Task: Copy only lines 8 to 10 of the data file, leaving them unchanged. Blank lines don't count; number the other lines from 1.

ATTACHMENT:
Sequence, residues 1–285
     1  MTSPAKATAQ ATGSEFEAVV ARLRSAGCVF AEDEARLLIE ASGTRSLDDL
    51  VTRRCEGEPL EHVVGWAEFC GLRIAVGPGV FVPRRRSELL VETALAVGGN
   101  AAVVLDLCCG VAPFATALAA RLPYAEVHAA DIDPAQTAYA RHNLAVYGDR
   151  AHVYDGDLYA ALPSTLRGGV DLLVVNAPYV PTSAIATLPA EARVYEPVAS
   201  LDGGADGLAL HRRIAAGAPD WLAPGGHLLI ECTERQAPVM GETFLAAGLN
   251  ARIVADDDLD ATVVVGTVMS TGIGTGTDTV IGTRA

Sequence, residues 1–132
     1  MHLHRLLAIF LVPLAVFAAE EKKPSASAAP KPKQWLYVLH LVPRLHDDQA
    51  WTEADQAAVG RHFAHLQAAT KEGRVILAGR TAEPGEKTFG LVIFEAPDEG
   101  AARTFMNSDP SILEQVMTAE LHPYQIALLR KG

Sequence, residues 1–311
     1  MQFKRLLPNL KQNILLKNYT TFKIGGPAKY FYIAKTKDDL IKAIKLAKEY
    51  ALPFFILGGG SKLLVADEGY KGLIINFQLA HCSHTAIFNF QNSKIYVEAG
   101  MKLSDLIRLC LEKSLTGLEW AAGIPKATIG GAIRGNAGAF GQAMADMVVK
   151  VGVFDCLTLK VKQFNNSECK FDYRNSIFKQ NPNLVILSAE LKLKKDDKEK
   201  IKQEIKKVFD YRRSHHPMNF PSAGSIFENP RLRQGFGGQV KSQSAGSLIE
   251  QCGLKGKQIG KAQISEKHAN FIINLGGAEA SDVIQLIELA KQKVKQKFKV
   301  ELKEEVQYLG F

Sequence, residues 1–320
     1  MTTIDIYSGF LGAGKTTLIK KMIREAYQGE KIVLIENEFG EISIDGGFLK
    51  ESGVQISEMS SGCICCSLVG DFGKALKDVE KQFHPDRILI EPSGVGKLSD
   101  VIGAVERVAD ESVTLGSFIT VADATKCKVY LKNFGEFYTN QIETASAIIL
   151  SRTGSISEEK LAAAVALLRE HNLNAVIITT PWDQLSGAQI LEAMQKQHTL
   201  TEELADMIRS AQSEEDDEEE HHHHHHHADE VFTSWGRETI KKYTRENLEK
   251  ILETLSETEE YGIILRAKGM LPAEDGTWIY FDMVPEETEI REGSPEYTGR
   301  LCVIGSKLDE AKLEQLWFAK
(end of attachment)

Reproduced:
Sequence, residues 1–132
     1  MHLHRLLAIF LVPLAVFAAE EKKPSASAAP KPKQWLYVLH LVPRLHDDQA
    51  WTEADQAAVG RHFAHLQAAT KEGRVILAGR TAEPGEKTFG LVIFEAPDEG